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plan. I think this begs more questions really than it answers,

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albeit that there might have been a growing feeling that a number of

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things were happening in the world, and what was Nato doing about it,

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what was the point of Nato? But at this point, just being combative in

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your language, and I'm noticing one or two things, I really don't think

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that will satisfy people. The other thing that strikes me, is that I'm

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not sure that the public is quite as alert to what is happening, and

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quite as anxious about it as the political leaders are. That does not

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mean that the public are right, and the leaders are wrong. I just think

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a bit of catch`up needs to go on, which is similar to where we were on

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Iraq. Let's move on to the Scotsman. They say that the SNP plans fall

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short on defence spending. I don't know if you have seen this in its

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entirety. It is another warning from another body that no doubt Scotland

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would want to be part of, isn't it ? It is interesting, the vote in under

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two weeks is about whether or not Scotland becomes independent. The

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SNP would hope they were, wouldn't they? I'm sure they would, and I'm

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sure the planned figure for spending on defence is exactly the same as

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Denmark's, and Nato don't seem to have a problem there. I think what

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may have happened here, and it would be a huge surprise, is that somebody

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in Nato has said, I'm not sure that is enough money, and that has said

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there might not get in. The former Ambassador to Nato has said that she

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sees no problem, and Scotland would be welcome. We are going around this

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circle again, like we did on Europe and the currency, but actually, this

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Nato story doesn't stack up. If you step back and look at it coolly. On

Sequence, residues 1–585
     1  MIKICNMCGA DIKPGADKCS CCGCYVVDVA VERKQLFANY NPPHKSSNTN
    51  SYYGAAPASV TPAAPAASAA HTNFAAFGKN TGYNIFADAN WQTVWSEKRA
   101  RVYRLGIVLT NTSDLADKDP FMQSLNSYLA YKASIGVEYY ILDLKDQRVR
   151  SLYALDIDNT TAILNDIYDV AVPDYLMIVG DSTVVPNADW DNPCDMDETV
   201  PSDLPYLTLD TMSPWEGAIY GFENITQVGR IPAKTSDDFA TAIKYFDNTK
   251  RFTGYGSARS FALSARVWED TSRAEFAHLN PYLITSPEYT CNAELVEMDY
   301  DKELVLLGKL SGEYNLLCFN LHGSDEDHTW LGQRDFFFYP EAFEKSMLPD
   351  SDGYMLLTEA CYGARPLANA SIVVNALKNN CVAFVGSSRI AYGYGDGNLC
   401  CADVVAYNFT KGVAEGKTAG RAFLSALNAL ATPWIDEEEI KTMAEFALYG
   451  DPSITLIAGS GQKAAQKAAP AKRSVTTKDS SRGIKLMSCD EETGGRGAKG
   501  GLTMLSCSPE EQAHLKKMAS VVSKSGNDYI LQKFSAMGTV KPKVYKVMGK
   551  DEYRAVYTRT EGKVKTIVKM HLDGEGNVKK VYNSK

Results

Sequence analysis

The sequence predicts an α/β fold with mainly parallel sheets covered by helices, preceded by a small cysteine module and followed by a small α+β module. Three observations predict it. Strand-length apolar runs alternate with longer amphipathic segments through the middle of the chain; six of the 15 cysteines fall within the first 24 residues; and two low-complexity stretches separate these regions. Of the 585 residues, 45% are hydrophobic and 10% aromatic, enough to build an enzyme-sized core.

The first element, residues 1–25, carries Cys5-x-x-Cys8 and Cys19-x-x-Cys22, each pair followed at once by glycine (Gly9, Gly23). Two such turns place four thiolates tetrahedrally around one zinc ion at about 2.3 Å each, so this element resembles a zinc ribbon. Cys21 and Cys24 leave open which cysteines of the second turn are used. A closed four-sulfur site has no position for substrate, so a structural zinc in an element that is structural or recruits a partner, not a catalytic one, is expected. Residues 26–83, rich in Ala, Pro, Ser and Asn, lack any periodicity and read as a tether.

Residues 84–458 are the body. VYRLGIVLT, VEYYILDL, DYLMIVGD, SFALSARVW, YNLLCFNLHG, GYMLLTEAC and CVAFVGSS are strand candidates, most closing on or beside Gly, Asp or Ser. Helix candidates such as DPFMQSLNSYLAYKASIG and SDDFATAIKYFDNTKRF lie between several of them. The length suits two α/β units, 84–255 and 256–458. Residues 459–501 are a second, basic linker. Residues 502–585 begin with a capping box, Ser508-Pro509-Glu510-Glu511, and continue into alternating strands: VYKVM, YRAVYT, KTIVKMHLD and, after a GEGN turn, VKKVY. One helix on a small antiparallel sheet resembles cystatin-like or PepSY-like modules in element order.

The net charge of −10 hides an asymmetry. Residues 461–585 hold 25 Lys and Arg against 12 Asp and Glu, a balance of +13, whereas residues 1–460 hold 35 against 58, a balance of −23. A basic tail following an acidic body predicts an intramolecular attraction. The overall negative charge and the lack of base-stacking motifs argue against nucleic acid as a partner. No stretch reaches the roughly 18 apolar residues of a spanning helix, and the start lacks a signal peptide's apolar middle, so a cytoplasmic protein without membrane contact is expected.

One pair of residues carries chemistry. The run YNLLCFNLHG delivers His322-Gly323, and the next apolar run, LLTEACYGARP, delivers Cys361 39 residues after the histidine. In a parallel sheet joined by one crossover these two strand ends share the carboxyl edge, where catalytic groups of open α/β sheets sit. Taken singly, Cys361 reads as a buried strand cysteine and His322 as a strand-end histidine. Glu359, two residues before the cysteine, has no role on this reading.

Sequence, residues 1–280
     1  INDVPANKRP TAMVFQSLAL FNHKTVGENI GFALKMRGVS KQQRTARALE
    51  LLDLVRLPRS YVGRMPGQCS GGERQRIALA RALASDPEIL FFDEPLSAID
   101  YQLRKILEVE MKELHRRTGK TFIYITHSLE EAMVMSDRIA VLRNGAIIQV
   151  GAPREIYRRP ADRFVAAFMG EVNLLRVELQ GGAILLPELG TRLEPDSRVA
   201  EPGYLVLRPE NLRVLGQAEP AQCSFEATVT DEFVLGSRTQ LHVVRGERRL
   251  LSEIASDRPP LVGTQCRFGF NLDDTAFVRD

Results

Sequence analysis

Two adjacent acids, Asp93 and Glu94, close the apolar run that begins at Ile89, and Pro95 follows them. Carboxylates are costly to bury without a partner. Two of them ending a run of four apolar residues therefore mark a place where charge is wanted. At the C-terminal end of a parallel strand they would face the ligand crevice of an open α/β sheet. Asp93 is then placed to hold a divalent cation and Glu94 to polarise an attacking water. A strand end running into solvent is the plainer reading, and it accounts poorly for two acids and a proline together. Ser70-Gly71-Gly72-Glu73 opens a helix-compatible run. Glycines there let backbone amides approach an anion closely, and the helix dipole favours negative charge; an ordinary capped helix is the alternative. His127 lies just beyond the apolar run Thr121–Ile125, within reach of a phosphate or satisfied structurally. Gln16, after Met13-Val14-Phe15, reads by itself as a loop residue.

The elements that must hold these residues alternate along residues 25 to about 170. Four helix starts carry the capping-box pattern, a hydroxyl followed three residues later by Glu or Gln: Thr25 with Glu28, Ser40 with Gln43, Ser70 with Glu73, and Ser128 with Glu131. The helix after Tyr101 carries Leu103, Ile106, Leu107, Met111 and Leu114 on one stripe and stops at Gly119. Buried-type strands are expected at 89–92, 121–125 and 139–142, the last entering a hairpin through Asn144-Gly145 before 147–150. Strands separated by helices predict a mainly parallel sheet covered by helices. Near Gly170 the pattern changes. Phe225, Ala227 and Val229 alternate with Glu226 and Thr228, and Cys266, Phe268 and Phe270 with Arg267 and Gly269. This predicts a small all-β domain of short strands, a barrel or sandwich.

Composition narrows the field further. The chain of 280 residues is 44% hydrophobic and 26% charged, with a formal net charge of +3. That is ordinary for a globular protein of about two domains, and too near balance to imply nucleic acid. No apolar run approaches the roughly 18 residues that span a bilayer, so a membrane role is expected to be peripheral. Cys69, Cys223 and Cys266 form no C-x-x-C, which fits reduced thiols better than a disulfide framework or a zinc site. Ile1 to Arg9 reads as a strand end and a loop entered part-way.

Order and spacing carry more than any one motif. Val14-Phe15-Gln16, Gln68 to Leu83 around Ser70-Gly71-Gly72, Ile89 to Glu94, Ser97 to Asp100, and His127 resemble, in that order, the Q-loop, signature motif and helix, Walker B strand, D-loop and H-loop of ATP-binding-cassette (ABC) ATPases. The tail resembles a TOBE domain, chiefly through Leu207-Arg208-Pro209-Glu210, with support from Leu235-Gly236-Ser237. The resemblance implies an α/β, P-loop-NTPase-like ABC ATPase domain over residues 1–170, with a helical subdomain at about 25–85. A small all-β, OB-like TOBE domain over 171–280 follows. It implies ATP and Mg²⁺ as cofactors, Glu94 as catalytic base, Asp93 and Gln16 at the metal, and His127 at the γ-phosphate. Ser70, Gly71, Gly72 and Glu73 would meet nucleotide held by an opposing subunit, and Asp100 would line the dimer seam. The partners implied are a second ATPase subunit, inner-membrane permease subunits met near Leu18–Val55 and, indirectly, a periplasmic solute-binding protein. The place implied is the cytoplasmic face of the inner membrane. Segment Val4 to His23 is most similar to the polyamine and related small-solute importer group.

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social media, David Henry has answered the call for comments on

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Twitter. He says Scotland will have its own Defence Force based in

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Scotland, new coastal ships, and more jobs will be created building

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them. It is good that he knows. It is all very well saying this is

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conflating SNP policy with Scotland and independence, but that is what

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happens in the white paper. The white paper produced by the SNP

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Scottish government includes plans for defence spending, which would be

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up to the first government. The SNP are keen to conflate the two when it

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suits them. I disagree, James. The problem is that none of the other

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political parties have said what they will do in Scotland becomes

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independent. They are standing on the other side of the wall, except

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they are now getting worried that they might lose the vote. The SNP is

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actually the only political party at this point that has foot poured ``

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put forward some of the ideas of what Scotland could and should be

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like. That would be the only offered to people of Scotland when we get to